HONG KONG: This year’s edition of music festival Clockenflap has been cancelled, organisers said Friday (Nov 15), amid escalating violence in Hong Kong. 

The organiser for Hong Kong’s biggest music festival, which had been scheduled to run from Nov 22 to Nov 24, had earlier vowed to press ahead despite the protests.



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“Due to the escalation of the crisis this week, and therefore the uncertainty this creates for the coming weeks, Clockenflap 2019 will be cancelled,” said Magnetic Asia in a Facebook post. 

“Until this week we were fully committed to delivering the festival. Unfortunately, the situation has now made this impossible.” 



British folk-rock sensations Mumford & Sons and American star Halsey were among the headliners for the festival this year.

Fans were mostly understanding on Facebook, with many thanking the organisers for trying to put together the festival in such difficult circumstances. 

“Thank you guys so much for putting in all the work and trying against all odds to plough through anyway,” said one user. 

Clockenflap, Hong Kong’s biggest music festival, has been cancelled because of the political unrest in the city. (Photo: AFP/Anthony Wallace)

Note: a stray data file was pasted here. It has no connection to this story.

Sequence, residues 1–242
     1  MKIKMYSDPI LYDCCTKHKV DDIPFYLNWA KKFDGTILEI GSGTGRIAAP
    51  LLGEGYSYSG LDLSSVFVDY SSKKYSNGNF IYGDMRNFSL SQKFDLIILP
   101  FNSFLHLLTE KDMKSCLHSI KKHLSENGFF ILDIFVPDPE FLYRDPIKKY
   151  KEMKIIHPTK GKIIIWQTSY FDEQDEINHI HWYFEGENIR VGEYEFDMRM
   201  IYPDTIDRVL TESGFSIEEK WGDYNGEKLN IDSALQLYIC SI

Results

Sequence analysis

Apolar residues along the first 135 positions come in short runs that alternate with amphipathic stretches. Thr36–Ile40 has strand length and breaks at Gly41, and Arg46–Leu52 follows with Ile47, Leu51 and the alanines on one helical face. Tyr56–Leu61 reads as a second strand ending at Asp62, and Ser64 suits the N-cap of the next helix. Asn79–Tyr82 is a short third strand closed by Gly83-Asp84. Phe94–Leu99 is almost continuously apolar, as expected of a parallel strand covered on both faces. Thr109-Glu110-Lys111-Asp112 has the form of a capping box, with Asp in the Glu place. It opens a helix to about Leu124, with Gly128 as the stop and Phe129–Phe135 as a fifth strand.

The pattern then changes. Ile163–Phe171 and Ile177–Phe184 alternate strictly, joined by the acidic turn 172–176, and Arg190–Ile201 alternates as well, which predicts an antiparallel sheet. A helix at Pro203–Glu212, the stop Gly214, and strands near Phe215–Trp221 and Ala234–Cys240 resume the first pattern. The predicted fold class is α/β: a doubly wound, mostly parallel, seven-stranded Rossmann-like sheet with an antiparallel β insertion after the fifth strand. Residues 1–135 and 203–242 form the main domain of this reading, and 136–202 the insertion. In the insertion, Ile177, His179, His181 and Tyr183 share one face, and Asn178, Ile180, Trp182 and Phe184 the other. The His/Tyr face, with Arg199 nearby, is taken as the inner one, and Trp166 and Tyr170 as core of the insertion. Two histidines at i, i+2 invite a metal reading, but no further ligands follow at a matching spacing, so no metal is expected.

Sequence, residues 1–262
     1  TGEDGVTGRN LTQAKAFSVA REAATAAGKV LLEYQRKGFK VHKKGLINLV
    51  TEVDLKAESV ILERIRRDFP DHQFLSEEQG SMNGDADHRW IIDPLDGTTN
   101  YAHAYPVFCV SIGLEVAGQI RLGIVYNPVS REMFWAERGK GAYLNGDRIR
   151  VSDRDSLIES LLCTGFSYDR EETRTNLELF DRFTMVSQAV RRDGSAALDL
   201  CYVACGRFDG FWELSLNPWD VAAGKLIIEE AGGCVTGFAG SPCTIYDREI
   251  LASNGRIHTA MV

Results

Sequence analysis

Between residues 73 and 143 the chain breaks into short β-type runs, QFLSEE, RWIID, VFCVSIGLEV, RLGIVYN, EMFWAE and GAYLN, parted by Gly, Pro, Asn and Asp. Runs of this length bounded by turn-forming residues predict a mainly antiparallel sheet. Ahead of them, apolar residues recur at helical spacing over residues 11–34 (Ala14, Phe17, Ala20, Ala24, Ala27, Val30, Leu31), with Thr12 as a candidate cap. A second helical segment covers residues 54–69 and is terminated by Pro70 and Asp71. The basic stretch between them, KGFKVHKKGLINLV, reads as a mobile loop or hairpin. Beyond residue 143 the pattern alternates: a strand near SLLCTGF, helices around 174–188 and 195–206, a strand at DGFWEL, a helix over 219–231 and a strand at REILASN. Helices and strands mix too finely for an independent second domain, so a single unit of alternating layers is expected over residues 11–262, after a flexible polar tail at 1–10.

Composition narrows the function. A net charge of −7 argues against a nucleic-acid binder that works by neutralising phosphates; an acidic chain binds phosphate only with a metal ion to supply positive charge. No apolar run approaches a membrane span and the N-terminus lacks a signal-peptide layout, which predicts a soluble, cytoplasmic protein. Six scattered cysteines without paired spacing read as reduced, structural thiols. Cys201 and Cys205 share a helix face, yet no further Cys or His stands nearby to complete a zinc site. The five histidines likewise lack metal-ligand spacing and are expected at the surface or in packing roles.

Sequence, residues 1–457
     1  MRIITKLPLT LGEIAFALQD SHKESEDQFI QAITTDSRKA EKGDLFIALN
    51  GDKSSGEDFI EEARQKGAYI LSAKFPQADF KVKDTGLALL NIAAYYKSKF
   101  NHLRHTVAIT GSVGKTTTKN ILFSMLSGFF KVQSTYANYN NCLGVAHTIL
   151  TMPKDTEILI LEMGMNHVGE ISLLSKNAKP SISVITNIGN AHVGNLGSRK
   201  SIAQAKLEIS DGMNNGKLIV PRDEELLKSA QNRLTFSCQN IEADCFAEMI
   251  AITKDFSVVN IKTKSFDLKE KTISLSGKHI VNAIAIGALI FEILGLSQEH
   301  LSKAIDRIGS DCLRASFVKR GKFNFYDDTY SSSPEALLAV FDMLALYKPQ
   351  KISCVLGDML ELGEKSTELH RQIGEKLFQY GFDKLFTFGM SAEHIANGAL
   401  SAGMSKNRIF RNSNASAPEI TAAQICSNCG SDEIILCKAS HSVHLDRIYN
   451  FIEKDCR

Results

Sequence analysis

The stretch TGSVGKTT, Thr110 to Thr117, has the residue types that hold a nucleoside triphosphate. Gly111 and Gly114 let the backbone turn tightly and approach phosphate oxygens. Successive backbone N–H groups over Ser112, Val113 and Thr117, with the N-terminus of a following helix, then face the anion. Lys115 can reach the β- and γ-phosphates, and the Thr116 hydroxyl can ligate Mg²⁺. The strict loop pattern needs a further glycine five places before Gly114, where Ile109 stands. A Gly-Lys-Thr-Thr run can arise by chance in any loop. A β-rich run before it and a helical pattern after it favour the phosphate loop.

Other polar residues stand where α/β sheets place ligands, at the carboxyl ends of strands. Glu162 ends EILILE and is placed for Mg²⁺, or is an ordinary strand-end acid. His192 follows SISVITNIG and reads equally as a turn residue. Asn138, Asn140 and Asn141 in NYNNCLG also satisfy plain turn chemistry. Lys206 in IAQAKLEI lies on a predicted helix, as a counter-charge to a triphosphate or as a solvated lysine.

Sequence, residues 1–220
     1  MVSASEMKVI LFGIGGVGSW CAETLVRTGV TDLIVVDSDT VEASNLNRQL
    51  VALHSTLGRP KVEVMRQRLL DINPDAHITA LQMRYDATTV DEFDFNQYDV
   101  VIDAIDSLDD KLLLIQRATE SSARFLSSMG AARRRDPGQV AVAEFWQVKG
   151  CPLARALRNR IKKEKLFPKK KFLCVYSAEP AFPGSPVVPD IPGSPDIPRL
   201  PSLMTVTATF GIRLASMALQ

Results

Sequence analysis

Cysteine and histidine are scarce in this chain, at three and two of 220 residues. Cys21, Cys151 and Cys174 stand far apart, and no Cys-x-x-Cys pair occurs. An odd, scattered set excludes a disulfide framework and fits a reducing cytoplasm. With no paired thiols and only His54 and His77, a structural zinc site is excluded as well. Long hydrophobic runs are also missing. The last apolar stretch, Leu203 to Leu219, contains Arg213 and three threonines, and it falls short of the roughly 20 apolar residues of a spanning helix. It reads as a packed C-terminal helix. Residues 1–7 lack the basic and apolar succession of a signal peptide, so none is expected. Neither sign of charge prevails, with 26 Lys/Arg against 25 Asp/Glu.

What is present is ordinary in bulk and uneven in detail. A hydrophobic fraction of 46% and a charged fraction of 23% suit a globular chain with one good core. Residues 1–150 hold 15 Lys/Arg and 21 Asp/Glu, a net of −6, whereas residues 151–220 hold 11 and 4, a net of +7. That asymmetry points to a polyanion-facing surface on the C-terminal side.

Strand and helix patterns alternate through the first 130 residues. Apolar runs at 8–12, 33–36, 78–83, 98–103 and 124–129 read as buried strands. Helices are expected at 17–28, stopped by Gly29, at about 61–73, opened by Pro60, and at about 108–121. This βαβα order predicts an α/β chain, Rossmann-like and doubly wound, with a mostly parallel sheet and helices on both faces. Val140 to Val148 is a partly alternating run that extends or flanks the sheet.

“Feel so sorry to hear that. Anyway, we see your effort in organising the festival and how hard you try to make it possible through the chaos out there. We understand that and we appreciate that. Thanks MA (Magnetic Asia), we will see you next year,” said another user. 

Those who have purchased tickets will be given full refunds. Each customer will receive details directly and the refund process will take four weeks, according to Magnetic Asia.

Clockenflap is an annual festival that takes place in front of Hong Kong’s iconic harbour and attracts tens of thousands of fans.

It is the latest in a growing list of banned, cancelled or postponed events in Hong Kong’s normally packed social calendar.

READ: Hong Kong Q3 GDP shrinks 3.2%, confirms depth of recession

Hong Kong’s annual pride parade due on Saturday was downgraded to a stationary rally after police banned the traditionally boisterous and colourful march.

The WTA Hong Kong Open, Oxfam’s annual trail run fundraiser, as well as concerts by acclaimed K-pop acts and comedians have been pulled as the city reels from the protests.

Parts of Hong Kong were paralysed by anti-government protesters for the fifth straight day on Friday, forcing schools to close and blocking some highways as students built barricades in university campuses and authorities struggled to tame the violence.

MORE: Our coverage of the Hong Kong protests

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